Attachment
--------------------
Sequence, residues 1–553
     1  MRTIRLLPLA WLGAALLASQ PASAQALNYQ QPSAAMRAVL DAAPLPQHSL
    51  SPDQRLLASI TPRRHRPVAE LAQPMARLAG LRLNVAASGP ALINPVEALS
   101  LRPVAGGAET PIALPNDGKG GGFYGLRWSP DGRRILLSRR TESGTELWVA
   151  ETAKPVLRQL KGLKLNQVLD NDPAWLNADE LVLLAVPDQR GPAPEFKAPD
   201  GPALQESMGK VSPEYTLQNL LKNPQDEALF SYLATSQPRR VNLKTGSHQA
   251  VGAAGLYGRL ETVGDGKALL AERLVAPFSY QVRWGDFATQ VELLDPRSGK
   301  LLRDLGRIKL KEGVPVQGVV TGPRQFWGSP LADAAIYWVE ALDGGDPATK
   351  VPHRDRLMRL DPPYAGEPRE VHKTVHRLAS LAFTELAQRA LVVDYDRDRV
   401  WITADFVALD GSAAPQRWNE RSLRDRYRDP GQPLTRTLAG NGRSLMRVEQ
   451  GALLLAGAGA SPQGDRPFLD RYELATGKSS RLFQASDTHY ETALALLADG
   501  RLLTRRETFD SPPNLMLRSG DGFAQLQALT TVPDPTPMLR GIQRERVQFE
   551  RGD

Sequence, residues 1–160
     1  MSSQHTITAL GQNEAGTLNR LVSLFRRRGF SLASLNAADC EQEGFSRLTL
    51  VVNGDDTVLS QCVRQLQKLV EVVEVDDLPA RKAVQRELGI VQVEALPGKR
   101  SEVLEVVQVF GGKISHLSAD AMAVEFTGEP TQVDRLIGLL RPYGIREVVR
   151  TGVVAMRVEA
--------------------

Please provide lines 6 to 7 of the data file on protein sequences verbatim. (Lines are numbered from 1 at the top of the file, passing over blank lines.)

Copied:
   201  GPALQESMGK VSPEYTLQNL LKNPQDEALF SYLATSQPRR VNLKTGSHQA
   251  VGAAGLYGRL ETVGDGKALL AERLVAPFSY QVRWGDFATQ VELLDPRSGK